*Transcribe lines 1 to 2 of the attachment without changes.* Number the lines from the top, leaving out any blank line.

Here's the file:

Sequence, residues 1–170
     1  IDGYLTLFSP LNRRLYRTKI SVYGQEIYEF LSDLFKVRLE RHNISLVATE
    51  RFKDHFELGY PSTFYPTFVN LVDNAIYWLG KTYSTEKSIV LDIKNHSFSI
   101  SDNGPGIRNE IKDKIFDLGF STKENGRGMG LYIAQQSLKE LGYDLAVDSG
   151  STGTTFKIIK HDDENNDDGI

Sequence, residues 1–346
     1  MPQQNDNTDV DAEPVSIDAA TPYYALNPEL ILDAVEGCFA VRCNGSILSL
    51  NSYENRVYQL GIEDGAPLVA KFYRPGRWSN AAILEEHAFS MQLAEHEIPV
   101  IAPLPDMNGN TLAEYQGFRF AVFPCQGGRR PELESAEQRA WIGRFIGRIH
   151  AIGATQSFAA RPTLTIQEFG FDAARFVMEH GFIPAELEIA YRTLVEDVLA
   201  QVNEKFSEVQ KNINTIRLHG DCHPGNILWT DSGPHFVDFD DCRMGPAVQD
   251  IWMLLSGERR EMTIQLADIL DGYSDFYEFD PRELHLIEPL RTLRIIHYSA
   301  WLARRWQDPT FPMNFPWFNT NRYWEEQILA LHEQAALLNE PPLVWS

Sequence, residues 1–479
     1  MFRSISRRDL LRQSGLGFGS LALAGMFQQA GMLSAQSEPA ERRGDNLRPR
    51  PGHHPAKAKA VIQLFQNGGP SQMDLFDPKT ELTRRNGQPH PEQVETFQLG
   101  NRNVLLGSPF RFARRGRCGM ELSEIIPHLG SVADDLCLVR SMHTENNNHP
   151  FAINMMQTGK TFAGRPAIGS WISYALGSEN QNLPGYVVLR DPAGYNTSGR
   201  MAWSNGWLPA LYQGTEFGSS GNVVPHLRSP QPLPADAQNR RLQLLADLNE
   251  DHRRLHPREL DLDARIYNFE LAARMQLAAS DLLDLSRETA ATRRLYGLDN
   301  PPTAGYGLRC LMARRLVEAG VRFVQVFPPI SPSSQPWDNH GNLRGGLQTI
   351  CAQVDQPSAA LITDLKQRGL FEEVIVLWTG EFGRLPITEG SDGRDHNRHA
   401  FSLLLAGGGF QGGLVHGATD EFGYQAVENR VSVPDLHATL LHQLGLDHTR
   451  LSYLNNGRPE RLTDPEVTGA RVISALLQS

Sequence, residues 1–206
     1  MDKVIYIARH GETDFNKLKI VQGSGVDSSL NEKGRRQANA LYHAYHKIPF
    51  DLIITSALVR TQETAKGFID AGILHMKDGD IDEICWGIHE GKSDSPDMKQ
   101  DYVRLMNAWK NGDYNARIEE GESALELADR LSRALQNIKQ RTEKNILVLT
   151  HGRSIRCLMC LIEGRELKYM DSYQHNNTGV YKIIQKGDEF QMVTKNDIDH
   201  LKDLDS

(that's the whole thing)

Sequence, residues 1–170
     1  IDGYLTLFSP LNRRLYRTKI SVYGQEIYEF LSDLFKVRLE RHNISLVATE